A while back, a got a call from one of my wine reps telling me he just gotten some wines from a winery they just picked up and wanted to taste them with me. He tells me they are a Texas winery and I, like most people, didn’t have much experience with Texas wine. For all I knew, it could have been some good ole boy mashing up grapes in his backyard and putting the juice into an old Jack Daniels bottle. (That wasn’t the case for the record) I do trust this rep and know he wouldn’t bring me something he didn’t think had potential with the shop so I took the meeting. He stopped by introduced me to the Kiepersol Winery out of Tyler, Texas.

I tasted through the wines and I was very impressed. What I really liked about them was that they weren’t trying to be something they weren’t. The wines were truly a reflection of the terroir. There wasn’t any funny business about trying to make their Cabernet Sauvignon taste like a Napa Valley Cabernet Sauvignon or having their Syrah be a chewy monster like an Australian Shiraz. They were authentic. I picked a couple up and even put the Syrah by the glass at one of the restaurants.

Kiepersol is a winery and distillery (they make Dirk’s Vodka, Pierre’s Rum, and Jimmy’s Bourbon) in Tyler, Texas with a Bed and Breakfast as well as a steak house on property. They are an estate winery, which means all of the wines they produce are make from grapes they grow. In the words of Marnelle de Wet Durrett (Winemaker and Estate Manager), “If we don’t grow it, we don’t make it.” That philosophy goes hand in hand with their selection of varietals they produce. For example, the climate and soil aren’t good for Pinot Noir or Chardonnay so they don’t grow it. Seeing that a majority of wineries produce those varietals but most fall short of having actually good Pinots and Chards because of natural conditions, I respect the hell out of that decision. They produce somewhere around 18 labels (Blends and single varietals).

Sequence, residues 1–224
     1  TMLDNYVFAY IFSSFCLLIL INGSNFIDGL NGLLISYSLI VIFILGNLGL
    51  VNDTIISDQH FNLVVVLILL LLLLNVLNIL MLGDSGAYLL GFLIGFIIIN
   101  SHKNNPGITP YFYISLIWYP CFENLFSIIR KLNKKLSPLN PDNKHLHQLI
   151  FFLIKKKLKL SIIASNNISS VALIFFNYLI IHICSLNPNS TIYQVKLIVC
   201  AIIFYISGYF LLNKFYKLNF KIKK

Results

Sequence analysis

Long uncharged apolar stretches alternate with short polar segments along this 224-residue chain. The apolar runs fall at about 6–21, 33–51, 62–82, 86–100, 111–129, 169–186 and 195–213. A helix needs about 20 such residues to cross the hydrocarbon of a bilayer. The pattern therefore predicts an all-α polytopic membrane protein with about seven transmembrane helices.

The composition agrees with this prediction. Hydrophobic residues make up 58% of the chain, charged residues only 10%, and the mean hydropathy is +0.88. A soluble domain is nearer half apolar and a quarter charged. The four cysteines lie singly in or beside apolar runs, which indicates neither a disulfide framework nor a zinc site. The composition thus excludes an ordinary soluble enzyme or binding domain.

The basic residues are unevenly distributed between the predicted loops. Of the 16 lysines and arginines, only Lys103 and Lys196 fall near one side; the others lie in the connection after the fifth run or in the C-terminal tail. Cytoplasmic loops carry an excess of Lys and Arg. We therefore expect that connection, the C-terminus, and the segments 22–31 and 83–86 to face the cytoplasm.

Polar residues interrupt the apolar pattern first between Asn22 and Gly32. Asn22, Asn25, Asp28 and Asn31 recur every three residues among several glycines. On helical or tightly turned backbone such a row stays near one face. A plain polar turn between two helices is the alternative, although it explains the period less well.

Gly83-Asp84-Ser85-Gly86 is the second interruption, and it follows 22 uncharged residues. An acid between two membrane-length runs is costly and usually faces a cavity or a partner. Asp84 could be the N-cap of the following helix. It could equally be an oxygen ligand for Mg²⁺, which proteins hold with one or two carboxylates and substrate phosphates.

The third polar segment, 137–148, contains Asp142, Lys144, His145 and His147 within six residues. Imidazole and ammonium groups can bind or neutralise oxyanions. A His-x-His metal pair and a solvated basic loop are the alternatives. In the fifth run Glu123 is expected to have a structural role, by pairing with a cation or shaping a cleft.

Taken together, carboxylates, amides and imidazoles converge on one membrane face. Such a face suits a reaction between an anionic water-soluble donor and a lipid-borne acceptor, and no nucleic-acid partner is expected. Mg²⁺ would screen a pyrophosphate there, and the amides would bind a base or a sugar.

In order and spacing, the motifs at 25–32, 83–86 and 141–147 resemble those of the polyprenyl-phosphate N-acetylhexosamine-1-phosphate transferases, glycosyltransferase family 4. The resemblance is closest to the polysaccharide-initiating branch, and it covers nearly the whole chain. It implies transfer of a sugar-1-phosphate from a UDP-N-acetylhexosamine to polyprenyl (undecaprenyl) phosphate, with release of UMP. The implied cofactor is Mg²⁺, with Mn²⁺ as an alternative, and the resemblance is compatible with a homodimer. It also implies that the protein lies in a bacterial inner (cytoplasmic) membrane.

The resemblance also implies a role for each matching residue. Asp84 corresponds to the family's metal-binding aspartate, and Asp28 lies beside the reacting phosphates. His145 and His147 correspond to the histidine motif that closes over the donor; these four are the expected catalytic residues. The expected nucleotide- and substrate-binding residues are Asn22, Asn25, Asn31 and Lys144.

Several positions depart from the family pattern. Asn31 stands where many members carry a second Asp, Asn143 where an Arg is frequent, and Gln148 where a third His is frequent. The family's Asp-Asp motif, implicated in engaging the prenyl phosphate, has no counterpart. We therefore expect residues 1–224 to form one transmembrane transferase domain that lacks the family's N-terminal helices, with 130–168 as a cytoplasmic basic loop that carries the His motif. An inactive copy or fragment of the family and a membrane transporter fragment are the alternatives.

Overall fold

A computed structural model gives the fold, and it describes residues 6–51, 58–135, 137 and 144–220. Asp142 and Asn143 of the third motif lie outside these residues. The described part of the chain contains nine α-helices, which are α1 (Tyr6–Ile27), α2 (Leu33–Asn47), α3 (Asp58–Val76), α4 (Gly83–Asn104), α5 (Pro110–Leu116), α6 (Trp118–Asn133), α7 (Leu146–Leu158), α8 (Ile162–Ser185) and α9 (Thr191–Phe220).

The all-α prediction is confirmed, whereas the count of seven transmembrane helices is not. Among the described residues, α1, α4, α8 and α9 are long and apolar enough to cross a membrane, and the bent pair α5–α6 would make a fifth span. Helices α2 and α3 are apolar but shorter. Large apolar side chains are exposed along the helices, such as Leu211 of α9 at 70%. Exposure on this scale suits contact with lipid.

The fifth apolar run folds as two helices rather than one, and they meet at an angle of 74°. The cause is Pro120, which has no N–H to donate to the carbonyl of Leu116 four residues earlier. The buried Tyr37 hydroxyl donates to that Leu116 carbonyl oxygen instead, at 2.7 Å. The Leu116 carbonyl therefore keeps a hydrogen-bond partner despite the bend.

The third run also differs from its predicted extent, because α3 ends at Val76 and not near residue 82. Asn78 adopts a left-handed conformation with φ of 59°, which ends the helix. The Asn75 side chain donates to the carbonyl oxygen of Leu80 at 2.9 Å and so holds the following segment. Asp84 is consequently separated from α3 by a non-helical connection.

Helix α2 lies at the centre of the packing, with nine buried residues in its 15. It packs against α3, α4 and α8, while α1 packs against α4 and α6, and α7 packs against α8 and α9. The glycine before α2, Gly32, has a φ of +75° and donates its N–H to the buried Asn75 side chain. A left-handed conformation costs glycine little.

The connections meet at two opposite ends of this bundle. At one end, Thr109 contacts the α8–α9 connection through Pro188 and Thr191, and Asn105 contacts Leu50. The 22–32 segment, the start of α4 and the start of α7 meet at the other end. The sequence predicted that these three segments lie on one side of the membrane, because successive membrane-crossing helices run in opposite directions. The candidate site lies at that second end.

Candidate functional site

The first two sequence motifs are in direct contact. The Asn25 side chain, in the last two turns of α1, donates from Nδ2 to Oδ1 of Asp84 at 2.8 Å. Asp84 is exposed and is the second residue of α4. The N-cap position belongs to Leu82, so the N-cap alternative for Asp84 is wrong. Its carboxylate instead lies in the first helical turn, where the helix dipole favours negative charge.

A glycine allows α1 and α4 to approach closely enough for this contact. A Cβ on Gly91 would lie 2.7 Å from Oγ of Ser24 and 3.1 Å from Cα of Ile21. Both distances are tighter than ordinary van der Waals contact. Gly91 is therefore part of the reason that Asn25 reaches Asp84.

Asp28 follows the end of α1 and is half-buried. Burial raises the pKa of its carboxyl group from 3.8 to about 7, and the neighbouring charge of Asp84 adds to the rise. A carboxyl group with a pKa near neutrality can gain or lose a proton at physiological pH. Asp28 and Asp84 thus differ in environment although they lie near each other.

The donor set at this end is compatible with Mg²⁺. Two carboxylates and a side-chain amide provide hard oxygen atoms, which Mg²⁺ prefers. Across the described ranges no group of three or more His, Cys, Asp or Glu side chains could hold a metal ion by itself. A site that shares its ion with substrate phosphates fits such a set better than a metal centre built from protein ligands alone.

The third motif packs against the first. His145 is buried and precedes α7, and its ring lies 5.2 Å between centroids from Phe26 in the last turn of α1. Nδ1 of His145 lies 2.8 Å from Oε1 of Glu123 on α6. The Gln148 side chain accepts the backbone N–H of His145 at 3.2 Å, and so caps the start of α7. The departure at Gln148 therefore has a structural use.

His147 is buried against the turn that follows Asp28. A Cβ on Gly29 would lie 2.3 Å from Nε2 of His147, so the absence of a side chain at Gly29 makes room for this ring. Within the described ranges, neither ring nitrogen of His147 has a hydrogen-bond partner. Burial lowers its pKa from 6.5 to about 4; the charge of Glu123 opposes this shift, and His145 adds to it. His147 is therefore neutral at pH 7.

A couple of weeks ago, I was able to take a Saturday trip with my wife over the state line to see Kiepersol’s facilities. The trip was a pleasantly under two hours and was an easy drive. When we got there, we went straight to the distillery tasting room to check out some of the spirits. We were greeted with Moscow Mules made with Dirk’s Vodka and homemade ginger beer. They were delicious. We were introduced to all of the spirits and even got to see a bit of the distillery and the barrel room. As it turns out, the distillery was built on a salt dome that happens to be on top of a Jurassic aquifer so there is water coming out of the ground that is more pure than the water the city purifies at state regulations. (At the time of this article, the actual distillery tour that takes you into the distilling area is closed to the public because it is harvest time at the winery)

IMG_2648

IMG_2585

Getting schooled on Kipersol’s Distillery’s history and processes. And of course tasting.

IMG_2589

IMG_2640

Specialty cocktails at the distillery.  Highly recommend the Blackberry Bourbon Sour.

After that tour we hoped over to the winery’s tasting room and started moving through the wines that we don’t have access to in Louisiana. I was impressed by their Rose made of Malbec; the “Steen” which is a South African Chenin Blanc/Loire Valley Vouvray style white blend, and their “Stainless Steel” series of reds which is a true reflection of the Texas terroir. Shortly after we got there, the winery tour started which took us through the vineyards and into the actual winery to see the tanks, barrel room, and bottling line. We even got to pick some Sangiovese grapes off of the vine and eat then in the vineyards.